||This article may be expanded with text translated from the corresponding article in the Italian Wikipedia. (November 2011)|
Orphaned at a young age and raised in poverty, Rizzoli rose to prosperity. He apprenticed in the printer trade and later became an entrepreneur in his twenties.
In 1927, Rizzoli founded company A. Rizzoli & Co. (later RCS MediaGroup). In 1927 Rizzoli acquired Novella magazine, a bi-weekly primarily for women that reached a circulation of 130,000, from Mondadori an independent publisher who specialized in books and magazines. After his initial purchase, he added several new publications including Annabella, Bertoldo, Candido, Omnibus, and Oggi e L'Europeo. In 1949 he began publishing books including both classics and popular novels. He purchased Cartiera di Lama di Reno in 1954, the foundation for what would become an Italian publishing empire. His operations were moved in 1960 to a complex on Via Civitavecchia in Milan. He was amongst the first producers of daily newspapers within the relatively newly established nation of Italy.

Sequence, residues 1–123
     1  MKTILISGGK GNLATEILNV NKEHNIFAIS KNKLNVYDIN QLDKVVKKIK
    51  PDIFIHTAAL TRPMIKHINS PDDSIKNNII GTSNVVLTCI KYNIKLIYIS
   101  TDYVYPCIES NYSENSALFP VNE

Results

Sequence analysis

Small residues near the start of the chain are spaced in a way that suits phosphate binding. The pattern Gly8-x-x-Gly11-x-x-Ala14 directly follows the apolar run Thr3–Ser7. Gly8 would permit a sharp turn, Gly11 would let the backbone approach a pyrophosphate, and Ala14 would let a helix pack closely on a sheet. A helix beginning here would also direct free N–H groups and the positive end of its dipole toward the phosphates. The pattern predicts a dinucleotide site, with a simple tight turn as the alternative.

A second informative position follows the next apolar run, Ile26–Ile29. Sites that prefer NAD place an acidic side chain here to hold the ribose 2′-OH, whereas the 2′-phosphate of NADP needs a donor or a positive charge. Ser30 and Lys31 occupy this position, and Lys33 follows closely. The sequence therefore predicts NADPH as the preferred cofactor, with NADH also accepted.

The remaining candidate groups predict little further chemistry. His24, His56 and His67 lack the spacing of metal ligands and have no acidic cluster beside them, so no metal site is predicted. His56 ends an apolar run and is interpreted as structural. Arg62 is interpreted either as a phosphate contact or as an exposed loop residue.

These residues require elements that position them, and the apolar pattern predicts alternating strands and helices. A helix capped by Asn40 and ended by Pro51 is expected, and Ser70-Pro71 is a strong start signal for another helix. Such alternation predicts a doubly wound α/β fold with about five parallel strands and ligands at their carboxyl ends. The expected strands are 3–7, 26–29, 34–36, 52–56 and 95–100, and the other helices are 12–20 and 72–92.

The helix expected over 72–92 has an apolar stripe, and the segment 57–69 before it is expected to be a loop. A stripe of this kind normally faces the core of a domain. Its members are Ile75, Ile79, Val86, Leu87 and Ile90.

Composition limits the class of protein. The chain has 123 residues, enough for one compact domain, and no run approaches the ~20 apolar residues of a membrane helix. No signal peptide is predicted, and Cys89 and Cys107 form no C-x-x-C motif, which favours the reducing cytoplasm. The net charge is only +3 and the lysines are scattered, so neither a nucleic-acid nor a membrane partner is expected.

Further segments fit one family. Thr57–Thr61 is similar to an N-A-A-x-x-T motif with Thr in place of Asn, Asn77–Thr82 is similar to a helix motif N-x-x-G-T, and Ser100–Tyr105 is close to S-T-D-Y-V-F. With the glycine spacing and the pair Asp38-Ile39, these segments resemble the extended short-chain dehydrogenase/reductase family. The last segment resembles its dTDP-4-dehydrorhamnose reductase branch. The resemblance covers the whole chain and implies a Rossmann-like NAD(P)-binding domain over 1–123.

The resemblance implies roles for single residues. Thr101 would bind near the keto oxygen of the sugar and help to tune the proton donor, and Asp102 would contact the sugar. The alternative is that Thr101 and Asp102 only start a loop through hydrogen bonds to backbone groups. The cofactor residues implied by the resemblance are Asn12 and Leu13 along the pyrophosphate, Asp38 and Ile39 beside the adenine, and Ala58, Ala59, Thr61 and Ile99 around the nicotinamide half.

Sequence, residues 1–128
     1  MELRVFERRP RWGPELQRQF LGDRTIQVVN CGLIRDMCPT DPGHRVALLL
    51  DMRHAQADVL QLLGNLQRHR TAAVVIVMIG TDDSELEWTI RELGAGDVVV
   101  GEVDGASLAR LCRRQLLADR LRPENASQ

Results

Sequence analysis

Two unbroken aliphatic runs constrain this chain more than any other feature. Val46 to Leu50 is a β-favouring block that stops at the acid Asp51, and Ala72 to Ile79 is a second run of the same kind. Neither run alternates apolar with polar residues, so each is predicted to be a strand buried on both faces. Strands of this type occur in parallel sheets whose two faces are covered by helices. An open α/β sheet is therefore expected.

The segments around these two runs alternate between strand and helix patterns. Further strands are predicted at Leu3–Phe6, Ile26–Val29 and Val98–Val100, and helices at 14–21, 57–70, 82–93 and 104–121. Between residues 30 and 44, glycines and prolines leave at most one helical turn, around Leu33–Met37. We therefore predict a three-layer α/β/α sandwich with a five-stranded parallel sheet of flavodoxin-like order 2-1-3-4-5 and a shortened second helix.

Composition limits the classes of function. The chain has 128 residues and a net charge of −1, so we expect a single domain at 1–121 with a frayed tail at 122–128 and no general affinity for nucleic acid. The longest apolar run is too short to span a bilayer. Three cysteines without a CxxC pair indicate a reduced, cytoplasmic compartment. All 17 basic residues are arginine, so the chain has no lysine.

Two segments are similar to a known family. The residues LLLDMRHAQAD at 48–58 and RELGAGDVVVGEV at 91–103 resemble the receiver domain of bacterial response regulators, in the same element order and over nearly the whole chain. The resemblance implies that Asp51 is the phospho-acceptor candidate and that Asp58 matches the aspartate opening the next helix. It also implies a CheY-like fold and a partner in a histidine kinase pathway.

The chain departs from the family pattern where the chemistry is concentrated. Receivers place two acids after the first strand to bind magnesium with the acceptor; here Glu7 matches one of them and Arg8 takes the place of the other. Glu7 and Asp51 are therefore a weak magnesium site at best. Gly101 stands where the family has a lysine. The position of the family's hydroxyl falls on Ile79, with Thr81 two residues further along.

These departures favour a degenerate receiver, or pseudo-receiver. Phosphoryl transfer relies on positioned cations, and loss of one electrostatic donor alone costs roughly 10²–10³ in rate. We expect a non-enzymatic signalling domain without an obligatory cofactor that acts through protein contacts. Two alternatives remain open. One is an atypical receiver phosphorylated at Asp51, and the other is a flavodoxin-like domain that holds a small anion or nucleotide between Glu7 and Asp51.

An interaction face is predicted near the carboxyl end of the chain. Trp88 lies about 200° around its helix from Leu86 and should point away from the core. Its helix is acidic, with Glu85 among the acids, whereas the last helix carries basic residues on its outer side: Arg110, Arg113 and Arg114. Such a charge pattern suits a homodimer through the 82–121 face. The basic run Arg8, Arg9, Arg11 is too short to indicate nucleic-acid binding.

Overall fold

Active in film, he produced Federico Fellini's La Dolce Vita (1960) and 8½ (1963), as well as French films such as Une Parisienne (1957). In 1964 Rizzoli opened the original Rizzoli International Bookstore in New York at 712 Fifth Avenue, designed by architect Ferdinand Gottlieb. The bookstore was featured in various Hollywood films, most notably, Woody Allen's Manhattan and Falling in Love with Robert De Niro and Meryl Streep. He also produced the controversial documentary film Africa Addio.
A museum about Rizzoli's life and career is located at Villa Arbusto within the guest house of that place, at Lacco Ameno. Within this are held 500 photographic-records or evidence of his activities taken on-set during production. The museum also holds the Pithekoussai Archaeological Museum.
Rizzoli married Anna Marzorati with whom he had two children, Andrea and Giuseppina. Rizzoli died aged 81 years of age.
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